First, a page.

Amid Staffing and Food Shortages, Dining Services Increase Meal Plan Options for Students

In an effort to rectify the effects of recent challenges to Colgate Dining Services operations, the University introduced a number of additional dining options for students with meal plans, including a Sunday buffet dinner at The O’Connor Campus Center (Coop) catered by The Hamilton Inn, food trucks and other on-campus vendors from local businesses, additional complimentary Bonus Dollars and an expansion of Grab-and-Go options at Frank Dining Hall. 

According to a Sept. 8 email from JS Hope ’97, Senior Vice President for Finance and Administration, the catered buffet from Hamilton Inn will remain a supplementary meal option through the rest of the semester. Students can access the entire buffet with a single meal swipe. 

Since The Coop is no longer open on weekends due to Dining Services operational challenges, some students, such as first-year David Stephens, view the Sunday night buffet as a crucial extension to their weekend dining choices. 

“I think it’s a great addition because especially on Sundays, the food offerings are pretty slim on campus compared to other days of the week,” Stephens said. “And I would say the quality is pretty high compared to other dining options on campus.”

The Hamilton Inn option was popular with students: many who attended on Sept. 11, the inaugural night, waited in the buffet line for over an hour even though they arrived at 6 p.m. when the buffet opened. 

The University has also partnered with regional dining providers Royal India Grill and Spudz, who now operate food trucks on the lawn in front of The Coop at regular times during the weekdays and weekends.  

First-year Dane Picariello thought the Royal India Grill food truck was a means of expanding the variety of different foods that Colgate typically offers in its on-campus dining locations.

“It provides a nice ethnic touch to the campus experience,” Picariello said. “I think it’s a great way to introduce students that aren’t necessarily used to that type of cuisine into a whole other realm of food.” 

Spudz, a roaming food truck usually found in Utica and Rome, N.Y., offers students potato-based dishes with a “gourmet twist.” This is their first time operating on the Colgate campus. The local Hamilton café FoJo Beans also continued to operate a pop-up venue inside the O’Connor Campus Center. 

The University gave students an additional $75 in bonus dollars this semester for use at these food trucks and pop-up venues, as well as in the typical retail dining locations around campus, such as the sushi available for purchase at the Coop.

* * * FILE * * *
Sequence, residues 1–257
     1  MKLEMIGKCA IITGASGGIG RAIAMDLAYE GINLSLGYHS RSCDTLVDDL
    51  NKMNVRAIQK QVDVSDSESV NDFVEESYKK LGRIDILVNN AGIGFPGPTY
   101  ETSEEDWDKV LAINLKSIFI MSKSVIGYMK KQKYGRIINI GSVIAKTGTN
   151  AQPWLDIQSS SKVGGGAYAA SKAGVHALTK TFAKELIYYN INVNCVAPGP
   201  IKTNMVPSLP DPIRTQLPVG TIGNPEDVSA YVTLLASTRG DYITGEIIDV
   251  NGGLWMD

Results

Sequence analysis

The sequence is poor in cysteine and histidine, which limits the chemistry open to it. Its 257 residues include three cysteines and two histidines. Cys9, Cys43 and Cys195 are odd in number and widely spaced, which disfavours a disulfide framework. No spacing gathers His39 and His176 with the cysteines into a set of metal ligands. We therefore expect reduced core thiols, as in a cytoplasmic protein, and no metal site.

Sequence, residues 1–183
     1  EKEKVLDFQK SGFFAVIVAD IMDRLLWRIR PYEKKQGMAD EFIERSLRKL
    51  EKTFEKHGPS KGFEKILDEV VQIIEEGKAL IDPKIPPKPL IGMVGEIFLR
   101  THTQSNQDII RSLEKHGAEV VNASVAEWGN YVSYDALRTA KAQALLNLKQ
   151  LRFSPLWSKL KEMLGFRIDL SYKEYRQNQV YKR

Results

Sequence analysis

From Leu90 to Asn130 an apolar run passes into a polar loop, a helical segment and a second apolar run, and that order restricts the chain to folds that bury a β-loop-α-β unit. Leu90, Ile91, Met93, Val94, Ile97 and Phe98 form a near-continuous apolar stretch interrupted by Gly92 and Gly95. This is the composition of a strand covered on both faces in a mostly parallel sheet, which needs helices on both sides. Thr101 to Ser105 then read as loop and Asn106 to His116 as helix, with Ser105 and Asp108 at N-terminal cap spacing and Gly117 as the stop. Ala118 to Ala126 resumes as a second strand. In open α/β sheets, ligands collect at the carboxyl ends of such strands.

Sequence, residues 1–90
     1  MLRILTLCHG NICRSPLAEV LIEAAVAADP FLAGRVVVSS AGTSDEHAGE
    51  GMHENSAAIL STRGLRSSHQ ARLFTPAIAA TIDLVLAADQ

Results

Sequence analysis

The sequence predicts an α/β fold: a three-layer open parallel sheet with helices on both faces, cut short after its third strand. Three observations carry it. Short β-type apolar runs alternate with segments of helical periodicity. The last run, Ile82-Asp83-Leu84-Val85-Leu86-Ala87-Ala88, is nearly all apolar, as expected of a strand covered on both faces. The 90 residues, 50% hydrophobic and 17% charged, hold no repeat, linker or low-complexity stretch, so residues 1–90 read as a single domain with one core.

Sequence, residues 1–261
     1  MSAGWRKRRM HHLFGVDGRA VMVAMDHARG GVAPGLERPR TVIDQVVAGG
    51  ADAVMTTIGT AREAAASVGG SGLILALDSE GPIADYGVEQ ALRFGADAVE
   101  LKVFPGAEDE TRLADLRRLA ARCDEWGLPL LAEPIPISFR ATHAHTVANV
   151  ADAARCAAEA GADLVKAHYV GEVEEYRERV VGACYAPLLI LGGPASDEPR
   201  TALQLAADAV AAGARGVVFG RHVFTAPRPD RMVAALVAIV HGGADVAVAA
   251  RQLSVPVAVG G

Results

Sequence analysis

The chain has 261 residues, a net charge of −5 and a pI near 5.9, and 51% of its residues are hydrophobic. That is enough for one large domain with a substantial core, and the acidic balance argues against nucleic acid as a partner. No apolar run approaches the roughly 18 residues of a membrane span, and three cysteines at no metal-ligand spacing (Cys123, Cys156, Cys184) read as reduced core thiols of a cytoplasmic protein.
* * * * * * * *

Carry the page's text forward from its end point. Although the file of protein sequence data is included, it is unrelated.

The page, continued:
For the first time in Colgate’s history, bonus dollars can further be used at various dining establishments throughout Madison County. In Hamilton, they can be used at Byrne Dairy, The Colgate Inn, FoJo Beans, Hamilton Inn, Subway and Royal India Grill. In Morrisville, they can be used at Annie’s Sweets and Treats and New York Pizzeria; in Madison, they can be used at Quack’s Village Inn. In his email, Hope included that he expected further restaurants and shops to begin accepting Colgate bonus dollars in the future. 

First-year Boen Beavers mentioned that, while he appreciated the complimentary bonus dollars, he was confused about where they could be applied. 

“I feel like Colgate could do a better job advertising where we can use the bonus dollars because sometimes I’m not sure. For example, I didn’t know we could use it at some places in town,” Beavers said.

Beavers further called for the use of bonus dollars to extend to include vending machines in dorms and academic buildings. 

The University also recently decided to expand the grab-and-go station at Frank Dining Hall. This option includes items like salads, sandwiches and wraps, prepared ahead of time and packaged individually for students to take away with them. The grab-and-go station is now open after 8 p.m. during the week and all day on the weekends. 

Stephens, however, noted that he felt less inclined to consume the grab-and-go options because of the amount of plastic packaging in which they are enclosed. And for some students, the diversity of the normal, sit-down food typically offered at Frank means that it remains an attractive dining choice on its own merits anyway. 

“You can go up as many times as you want to get food and there are actually more options than anywhere else,” Beavers said.

Beavers, who added that Frank was his favorite place to get food on campus, felt that the dining services issues were minor to begin with. He considered the University’s expansion of dining choices to be more than adequate as a solution. 

“I think [Colgate’s response] more than makes up for it because I never really had a problem in the first place,” Beavers said.